The Medieval Drama 

The drama of the whole medieval period - though it did not reach a very high literary level, was one of the most characteristic expressions of the age.

In England the folk-plays, throughout the Middle Ages and in remote spots down almost to the present time, sometimes took the form of energetic dances. Their characters gradually came to be a conventional set, partly famous figures of popular tradition, such as St. George, Robin Hood, Maid Marian, and the Green Dragon. Other offshoots of the folk-play were the 'mummings' and 'disguisings,' collective names for many forms of processions, shows, and other entertainments, such as, among the upper classes, that precursor of the Elizabethan Mask in which a group of persons in disguise, invited or uninvited, attended a formal dancing party. In the later part of the Middle Ages, also, there were the secular pageants, spectacular displays (rather different from those of the twentieth century) given on such occasions as when a king or other person of high rank made formal entry into a town. They consisted of an elaborate scenic background set up near the city gate or on the street, with figures from allegorical or traditional history who engaged in some pantomime or declamation, but with very little dramatic dialog, or none.

TROPES, LITURGICAL PLAYS, AND MYSTERY PLAYS.

All these forms, though they were not altogether without later influence, were very minor affairs, and the real drama of the Middle Ages grew up, without design and by the mere nature of things, from the regular services of the Church.

The list of plays thus presented commonly included: The Fall of Lucifer; the Creation of the World and the Fall of Adam; Noah and the Flood; Abraham and Isaac and the promise of Christ's coming; a Procession of the Prophets, also foretelling Christ; the main events of the Gospel story, with some additions from Christian tradition; and the Day of Judgment.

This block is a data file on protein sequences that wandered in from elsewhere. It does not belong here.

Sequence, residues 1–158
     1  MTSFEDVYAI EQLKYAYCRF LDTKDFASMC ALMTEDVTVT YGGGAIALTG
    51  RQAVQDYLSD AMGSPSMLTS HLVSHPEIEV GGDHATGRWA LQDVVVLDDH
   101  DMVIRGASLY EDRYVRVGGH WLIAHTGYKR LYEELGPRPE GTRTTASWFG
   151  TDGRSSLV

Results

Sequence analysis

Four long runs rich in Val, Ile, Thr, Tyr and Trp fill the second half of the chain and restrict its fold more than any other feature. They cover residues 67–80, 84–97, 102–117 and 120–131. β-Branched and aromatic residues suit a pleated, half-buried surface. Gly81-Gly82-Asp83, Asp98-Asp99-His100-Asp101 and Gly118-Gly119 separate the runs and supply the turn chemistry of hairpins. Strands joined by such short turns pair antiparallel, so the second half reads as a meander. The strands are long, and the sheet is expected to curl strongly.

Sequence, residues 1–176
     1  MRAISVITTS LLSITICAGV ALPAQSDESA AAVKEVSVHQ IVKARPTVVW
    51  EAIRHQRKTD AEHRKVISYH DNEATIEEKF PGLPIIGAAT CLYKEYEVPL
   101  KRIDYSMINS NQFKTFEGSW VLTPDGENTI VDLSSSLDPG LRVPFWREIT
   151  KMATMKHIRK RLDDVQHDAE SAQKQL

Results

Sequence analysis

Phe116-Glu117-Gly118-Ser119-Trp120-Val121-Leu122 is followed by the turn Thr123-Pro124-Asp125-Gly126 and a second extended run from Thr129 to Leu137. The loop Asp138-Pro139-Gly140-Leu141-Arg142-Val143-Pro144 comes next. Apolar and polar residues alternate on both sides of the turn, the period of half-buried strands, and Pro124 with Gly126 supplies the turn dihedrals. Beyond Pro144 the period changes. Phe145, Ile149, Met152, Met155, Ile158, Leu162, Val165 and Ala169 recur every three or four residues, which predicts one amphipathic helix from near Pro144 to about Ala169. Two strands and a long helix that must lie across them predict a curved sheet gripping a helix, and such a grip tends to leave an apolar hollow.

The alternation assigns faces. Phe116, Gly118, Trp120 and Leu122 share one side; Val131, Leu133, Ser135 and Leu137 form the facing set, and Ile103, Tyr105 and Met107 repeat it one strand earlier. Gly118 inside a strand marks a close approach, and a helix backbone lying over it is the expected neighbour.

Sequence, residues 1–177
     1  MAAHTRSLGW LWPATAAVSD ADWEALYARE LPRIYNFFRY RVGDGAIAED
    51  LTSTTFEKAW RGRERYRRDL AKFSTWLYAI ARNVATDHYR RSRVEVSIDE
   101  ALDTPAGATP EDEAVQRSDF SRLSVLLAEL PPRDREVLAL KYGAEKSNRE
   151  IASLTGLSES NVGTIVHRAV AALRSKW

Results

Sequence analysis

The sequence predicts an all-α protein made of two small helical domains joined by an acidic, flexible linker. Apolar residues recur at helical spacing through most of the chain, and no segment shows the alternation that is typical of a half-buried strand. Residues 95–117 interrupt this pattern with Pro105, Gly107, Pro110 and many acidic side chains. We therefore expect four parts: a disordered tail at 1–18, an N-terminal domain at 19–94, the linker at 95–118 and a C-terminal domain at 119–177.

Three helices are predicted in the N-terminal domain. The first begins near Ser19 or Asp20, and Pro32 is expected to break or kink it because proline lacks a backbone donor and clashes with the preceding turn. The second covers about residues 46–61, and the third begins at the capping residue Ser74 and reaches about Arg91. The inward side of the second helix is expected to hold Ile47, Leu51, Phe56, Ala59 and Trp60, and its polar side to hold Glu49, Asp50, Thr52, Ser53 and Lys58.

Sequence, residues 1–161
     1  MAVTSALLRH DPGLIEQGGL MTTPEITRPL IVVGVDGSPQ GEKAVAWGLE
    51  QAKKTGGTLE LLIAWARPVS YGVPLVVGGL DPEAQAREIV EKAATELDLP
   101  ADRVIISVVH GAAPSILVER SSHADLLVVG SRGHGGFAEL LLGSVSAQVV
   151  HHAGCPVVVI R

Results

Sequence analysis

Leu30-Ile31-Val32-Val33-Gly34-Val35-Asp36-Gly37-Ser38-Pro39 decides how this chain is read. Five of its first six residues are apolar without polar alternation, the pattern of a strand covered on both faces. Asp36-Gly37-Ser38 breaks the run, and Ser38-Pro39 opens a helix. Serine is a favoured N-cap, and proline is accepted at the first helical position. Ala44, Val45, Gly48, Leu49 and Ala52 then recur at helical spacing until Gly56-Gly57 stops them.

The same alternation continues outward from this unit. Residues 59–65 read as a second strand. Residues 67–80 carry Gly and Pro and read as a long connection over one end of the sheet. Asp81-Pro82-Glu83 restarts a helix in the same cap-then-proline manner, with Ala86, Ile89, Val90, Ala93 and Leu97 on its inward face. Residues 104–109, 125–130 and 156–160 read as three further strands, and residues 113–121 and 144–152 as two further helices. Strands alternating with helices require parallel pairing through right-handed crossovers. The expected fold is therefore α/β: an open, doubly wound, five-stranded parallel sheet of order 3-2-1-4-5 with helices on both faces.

THE MORALITY PLAYS.

The Mystery Plays seem to have reached their greatest popularity in the fourteenth and fifteenth centuries. The Morality Play probably arose in part from the desire of religious writers to teach the principles of Christian living in a more direct and compact fashion than was possible through the Bible stories of the Mysteries. As compared with the usual type of Mystery plays the Moralities had for the writers this advantage, that they allowed some independence in the invention of the story; and how powerful they might be made in the hands of a really gifted author has been finely demonstrated in our own time by the stage-revival of the best of them, 'Everyman' (which is probably a translation from a Dutch original). In most cases, however, the spirit of medieval allegory proved fatal, the genuinely abstract characters are mostly shadowy and unreal, and the speeches of the Virtues are extreme examples of intolerable sanctimonious declamation. Against this tendency, on the other hand, the persistent instinct for realism provided a partial antidote; the Vices are often very lifelike rascals, abstract only in name. In these cases the whole plays become vivid studies in contemporary low life, largely human and interesting except for their prolixity and the coarseness which they inherited from the Mysteries and multiplied on their own account. During the Reformation period, in the early sixteenth century, the character of the Moralities, more strictly so called, underwent something of a change, and they were--sometimes made the vehicle for religious argument, especially by Protestants.



THE INTERLUDES.

Early in the sixteenth century, the Morality in its turn was largely superseded by another sort of play called the Interlude.



THE LATER INFLUENCE OF THE MEDIEVAL DRAMA.

The various dramatic forms from the tenth century to the middle of the sixteenth at which we have thus hastily glanced--folk-plays, mummings and disguisings, secular pageants, Mystery plays, Moralities, and Interludes--have little but a historical importance.